July. Family gatherings, 4th of July in the park and baseball come to mind. It’s National Hot Dog Month. The hot dog is German, and so was the man who introduced the traditional ball game fare. Christian Von der Ahe, was a German immigrant and the owner of the original St. Louis Browns franchise (Missouri) from 1881 to 1899. He also owned a popular bar where he served “Dachshunds,” or “little dogs.” The sausage and bread combination had been a German favorite since the 1600’s. In truth, sausage is the oldest form of processed food and written references exist dating back to the 9th century B.C.E.
Meanwhile, here are this week’s noteworthy Food Highlights…
July 3 is Eat Beans Day – Beans are one of the rare cultivated plant foods that have retained their genetic integrity. Indeed, beans from thousands of years ago are nearly identical genetically to the beans we produce today. How do we know? Tangible evidence recovered from Ancient Egyptian tombs. The main bean producing states are Nebraska, North Dakota and Michigan. And since you are wondering, but perhaps do not dare ask, here are three common legumes that do not result in, well, ya know: adzuki beans, black-eyed peas and lentils.
July 4 is National Barbecued Spare Ribs Day – You may have heard that the term “spare rib” refers to the spare meat found on the bone. Not so. You may have heard that the name refers to the presence of some fortuitous and delicious extra ribs we’ve turned into a delicacy. Not so. Once more, we turn to the Germans for the truth. It is not “spare ribs,” but rather “Rippenspeer” or “spear ribs,” since this particular pork cut was traditionally roasted on a spear.
July 5 is National Apple Turnover Day – The word turnover begins to appear in cooking reference books in the late 1800’s. A stuffed, triangular pastry was first described in 9th century Persia. The original turnover was more commonly known as a “portable pie.” The choice of filling was not limited to fruits or sweet spreads. Meats and root vegetables were common as well. In fact, the turnover and the calzone, by their very nature, are both members of the portable pie family, so to speak. The name “turnover” refers to the practice of turning one half of the laid-out dough over the filled half. The name is as practical as the meal itself.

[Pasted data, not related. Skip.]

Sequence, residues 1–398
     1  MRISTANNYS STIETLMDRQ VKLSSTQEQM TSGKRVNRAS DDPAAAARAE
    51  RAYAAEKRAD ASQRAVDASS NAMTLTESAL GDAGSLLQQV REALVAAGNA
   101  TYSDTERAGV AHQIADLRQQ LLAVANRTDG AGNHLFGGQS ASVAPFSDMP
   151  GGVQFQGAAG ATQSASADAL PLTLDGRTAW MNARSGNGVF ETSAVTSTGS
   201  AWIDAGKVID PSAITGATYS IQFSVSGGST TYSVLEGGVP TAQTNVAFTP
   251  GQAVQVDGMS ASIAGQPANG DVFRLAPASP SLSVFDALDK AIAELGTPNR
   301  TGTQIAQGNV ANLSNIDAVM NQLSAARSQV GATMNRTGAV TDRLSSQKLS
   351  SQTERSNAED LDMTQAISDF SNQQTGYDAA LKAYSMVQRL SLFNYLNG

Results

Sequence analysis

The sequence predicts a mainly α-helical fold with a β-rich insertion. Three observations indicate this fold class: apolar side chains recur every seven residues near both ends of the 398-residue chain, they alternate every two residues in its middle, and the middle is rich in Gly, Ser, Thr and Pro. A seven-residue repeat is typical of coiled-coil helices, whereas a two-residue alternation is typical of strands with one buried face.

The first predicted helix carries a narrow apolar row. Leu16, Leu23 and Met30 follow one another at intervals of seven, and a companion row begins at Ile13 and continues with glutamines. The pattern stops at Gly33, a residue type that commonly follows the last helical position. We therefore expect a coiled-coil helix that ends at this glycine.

July 6 is National Fried Chicken Day – Our English forefathers boiled and baked chicken; our Scottish forefathers fried it. Incidentally, fried chicken keeps longer. A plus for the nomad at heart. Any reason why one version gained favor over the other? Your guess is as good as ours and worth pondering over a good drumstick or two, but historians believe that African-Americans at the service of Americans in Southern States are responsible for contributing creative spices and seasonings that further enhanced the delicacy.
July 7 is National Strawberry Sundae Day – We could fill several pages contemplating the birthplace of the Sundae. Suffice it to say that no fewer than six cities claim to be the hot spot, two of them in New York State. One thing is almost certain, the concoction is the sweet embodiment of the proverb, “Necessity is the mother of invention.” When President Theodore Roosevelt (1901 – 1909) banned ice cream sodas on Sundays, soda fountain operators quickly imagined a new concoction they could get away with serving to their loyal customers anyway. At least that’s one version of the Sundae’s story. The spelling is likely pure poetic license.
July 8 is National Chocolate with Almonds Day – Forest Gump would have been an entirely different movie had chocolate still been consumed the way it was originally consumed in America and abroad. New World explorers were introduced to cocoa by the Mayan and Aztec people, who made a beverage from the cocoa bean whose purpose was to assist in one’s spiritual quest. Europeans brought the cocoa and tradition back home, sans the religious touch. They were enlightened in their own way, however, and promptly conceived of sweet new ways to transform the plant. In America, chocolate was first used for baking in 1828.
July 9 is National Sugar Cookie Day – Just a sugar cookie, say you? Ah, but this little cookie has a noble history. House Bill 1892 (September 2001) designated the Nazareth Cookie the official cookie of the Commonwealth of Pennsylvania. This, the authentic and original American sugar cookie, was created in the mid-1700’s by German settlers residing in Nazareth, PA. It was small and simple, but mighty, for the lack of leavening agents in the recipe meant it would keep for long periods of time; a definite plus when you are going about settling a new world.
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